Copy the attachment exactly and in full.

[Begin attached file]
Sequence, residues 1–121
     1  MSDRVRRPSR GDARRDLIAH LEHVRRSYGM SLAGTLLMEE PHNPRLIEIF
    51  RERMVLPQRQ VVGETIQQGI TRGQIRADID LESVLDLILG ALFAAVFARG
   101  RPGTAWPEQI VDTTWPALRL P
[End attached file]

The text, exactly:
Sequence, residues 1–121
     1  MSDRVRRPSR GDARRDLIAH LEHVRRSYGM SLAGTLLMEE PHNPRLIEIF
    51  RERMVLPQRQ VVGETIQQGI TRGQIRADID LESVLDLILG ALFAAVFARG
   101  RPGTAWPEQI VDTTWPALRL P